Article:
With a five hour wait till our next game (!!!) several Potbellies were spotted surfing the waves off Jimbaran Beach, whilst others ran out for the Barbarians squad, picking up additional bruises as their only reward.

Due to what can only be described as ‘Potbellies fear’ the next scheduled opposition withdrew from the second game, leaving us with a tasty rematch against our law enforcement friends. Not wanting to chance their luck a few of the Potbellies retreated to the sty, watching from afar, as the game kicked off. The intervening hours had been fortuitous for the Police squad, with their ranks swelling (pun intended) of recently graduated Police Academy recruits, adding speed to their back line. After the kick off the “reinforced” police raced out to a 2 try lead, until showing our versatility of team thought, this time we decided to use our two man overlap allowing PB MMA to not only score in the corner but also flatten the policeman who’d thumped him late after the score for his trouble. They’d have yellow carded the policeman, but as he was lying on the ground whimpering “Has he gone yet?” the referee and linesman decided that would only be adding insult to injury to the poor policeman. The score however proved not quite to be enough. Police 10 – Piggies 5, I think that was the final score. But don’t quote me on that, Officer…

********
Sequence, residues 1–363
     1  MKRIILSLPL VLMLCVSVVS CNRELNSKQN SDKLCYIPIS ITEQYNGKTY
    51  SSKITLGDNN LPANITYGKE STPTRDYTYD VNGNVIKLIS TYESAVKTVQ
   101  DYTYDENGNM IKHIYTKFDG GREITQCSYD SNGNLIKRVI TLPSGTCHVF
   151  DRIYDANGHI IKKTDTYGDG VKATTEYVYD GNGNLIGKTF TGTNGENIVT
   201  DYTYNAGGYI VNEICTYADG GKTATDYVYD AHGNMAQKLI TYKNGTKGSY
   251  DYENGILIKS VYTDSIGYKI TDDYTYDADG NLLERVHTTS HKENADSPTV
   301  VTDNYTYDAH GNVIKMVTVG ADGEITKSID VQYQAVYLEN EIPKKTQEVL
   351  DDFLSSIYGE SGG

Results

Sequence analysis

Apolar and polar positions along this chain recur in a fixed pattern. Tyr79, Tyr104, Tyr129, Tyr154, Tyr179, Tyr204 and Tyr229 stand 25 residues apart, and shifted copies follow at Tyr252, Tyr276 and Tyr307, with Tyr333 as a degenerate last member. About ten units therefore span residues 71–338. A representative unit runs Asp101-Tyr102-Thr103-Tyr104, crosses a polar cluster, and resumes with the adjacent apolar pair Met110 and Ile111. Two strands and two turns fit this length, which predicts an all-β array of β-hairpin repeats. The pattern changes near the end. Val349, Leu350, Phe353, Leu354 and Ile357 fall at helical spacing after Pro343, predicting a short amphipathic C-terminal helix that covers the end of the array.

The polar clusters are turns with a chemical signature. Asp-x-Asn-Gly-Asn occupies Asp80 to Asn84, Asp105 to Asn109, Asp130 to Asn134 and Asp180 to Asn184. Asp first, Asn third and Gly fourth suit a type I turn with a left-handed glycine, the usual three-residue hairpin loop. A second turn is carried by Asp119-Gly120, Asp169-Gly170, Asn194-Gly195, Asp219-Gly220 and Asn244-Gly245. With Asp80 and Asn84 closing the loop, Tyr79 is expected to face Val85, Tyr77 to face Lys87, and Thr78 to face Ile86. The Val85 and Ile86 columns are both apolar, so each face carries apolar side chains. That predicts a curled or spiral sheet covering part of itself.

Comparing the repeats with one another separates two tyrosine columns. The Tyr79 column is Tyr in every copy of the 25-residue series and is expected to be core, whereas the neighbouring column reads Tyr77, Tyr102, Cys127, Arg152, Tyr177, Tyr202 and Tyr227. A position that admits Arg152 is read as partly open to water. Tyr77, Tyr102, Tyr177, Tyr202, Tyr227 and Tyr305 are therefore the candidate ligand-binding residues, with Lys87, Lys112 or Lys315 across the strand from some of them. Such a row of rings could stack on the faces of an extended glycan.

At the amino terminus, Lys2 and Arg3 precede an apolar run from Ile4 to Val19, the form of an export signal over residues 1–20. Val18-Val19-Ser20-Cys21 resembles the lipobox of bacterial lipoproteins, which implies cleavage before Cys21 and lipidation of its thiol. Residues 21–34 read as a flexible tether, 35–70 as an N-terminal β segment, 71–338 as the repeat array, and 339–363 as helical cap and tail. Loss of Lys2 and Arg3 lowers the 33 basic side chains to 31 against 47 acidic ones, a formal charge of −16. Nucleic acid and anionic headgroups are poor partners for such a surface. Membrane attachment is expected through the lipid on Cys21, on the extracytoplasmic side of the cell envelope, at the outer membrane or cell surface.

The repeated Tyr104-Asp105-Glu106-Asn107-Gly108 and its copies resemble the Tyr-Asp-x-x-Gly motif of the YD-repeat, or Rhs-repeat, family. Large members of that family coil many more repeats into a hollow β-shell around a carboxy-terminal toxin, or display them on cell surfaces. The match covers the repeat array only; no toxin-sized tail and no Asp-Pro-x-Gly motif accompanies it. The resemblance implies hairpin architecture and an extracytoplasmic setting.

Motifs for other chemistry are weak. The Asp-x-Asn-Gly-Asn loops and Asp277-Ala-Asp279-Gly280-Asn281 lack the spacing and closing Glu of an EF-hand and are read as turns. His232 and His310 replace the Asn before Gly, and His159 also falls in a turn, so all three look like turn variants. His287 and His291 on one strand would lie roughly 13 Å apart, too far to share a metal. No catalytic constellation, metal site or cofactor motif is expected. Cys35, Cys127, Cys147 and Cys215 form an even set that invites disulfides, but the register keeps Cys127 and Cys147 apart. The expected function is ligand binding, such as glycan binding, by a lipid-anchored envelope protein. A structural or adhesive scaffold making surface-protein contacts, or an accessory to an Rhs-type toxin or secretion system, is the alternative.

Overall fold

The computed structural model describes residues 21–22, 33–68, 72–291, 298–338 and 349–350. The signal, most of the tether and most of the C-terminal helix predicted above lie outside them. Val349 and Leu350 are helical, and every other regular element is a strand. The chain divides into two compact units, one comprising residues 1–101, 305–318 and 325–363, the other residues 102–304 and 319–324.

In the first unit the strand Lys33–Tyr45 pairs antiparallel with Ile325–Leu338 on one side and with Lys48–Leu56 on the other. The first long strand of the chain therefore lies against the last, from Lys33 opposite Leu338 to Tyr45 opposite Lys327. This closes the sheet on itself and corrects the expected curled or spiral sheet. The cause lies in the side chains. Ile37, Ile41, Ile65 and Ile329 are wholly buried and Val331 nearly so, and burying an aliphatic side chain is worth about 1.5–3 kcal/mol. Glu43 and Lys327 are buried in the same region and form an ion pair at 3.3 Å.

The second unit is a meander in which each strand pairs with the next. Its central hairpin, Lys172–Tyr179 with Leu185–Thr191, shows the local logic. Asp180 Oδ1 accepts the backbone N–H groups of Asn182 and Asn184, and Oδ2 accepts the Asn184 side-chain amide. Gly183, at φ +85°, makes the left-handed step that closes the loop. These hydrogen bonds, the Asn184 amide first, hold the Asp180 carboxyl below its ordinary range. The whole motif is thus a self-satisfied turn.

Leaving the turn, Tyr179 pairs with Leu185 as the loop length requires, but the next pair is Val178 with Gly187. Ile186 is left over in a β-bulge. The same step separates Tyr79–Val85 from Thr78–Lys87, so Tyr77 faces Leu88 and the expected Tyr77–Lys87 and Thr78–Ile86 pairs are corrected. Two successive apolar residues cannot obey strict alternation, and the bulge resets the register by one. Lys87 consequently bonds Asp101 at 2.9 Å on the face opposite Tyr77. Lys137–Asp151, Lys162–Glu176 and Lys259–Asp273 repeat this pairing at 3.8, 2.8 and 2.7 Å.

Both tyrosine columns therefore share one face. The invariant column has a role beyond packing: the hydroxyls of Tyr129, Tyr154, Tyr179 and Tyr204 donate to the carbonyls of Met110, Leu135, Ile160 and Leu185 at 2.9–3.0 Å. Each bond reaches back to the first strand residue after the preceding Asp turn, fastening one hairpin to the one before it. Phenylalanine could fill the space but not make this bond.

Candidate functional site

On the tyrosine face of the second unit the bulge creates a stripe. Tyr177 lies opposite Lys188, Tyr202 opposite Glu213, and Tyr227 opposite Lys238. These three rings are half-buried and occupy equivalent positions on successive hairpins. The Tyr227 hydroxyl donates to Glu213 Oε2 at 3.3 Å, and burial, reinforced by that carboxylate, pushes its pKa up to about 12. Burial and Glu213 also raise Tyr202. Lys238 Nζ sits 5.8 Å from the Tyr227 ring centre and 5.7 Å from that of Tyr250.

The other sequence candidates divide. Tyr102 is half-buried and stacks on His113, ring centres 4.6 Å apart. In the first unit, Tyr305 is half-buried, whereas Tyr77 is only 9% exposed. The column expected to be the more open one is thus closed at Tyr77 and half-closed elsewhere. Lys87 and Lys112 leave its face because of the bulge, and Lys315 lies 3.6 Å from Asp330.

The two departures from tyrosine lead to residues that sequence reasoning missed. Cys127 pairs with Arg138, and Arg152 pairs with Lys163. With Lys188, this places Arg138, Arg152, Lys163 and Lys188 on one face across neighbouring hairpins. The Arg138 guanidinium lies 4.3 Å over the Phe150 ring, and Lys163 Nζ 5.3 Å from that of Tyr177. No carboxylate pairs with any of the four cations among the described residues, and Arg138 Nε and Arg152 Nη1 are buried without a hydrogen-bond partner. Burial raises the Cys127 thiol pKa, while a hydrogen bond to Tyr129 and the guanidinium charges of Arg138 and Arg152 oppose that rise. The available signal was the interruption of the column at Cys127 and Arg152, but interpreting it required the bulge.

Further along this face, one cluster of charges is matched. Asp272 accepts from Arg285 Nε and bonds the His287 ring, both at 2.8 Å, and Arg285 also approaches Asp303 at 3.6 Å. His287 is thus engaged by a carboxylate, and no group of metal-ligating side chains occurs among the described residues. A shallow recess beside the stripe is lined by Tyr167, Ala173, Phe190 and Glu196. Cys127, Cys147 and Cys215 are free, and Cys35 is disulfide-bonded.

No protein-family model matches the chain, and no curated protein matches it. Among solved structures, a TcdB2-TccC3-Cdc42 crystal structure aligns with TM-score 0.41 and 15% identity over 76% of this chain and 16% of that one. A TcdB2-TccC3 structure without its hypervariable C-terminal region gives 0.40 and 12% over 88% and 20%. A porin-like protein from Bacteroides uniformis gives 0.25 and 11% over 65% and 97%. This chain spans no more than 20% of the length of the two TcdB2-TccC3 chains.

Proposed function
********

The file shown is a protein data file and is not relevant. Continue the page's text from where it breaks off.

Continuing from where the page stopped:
The tour wrapped up in the evening by the partaking of many local ales, enjoying Irelands crushing defeat of the French Frogs.

Bali, we love you. Till next time,

PB Quasimodo

bali 10s festival 2015

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Dubai Eden Park Sevens Rugby Series Announced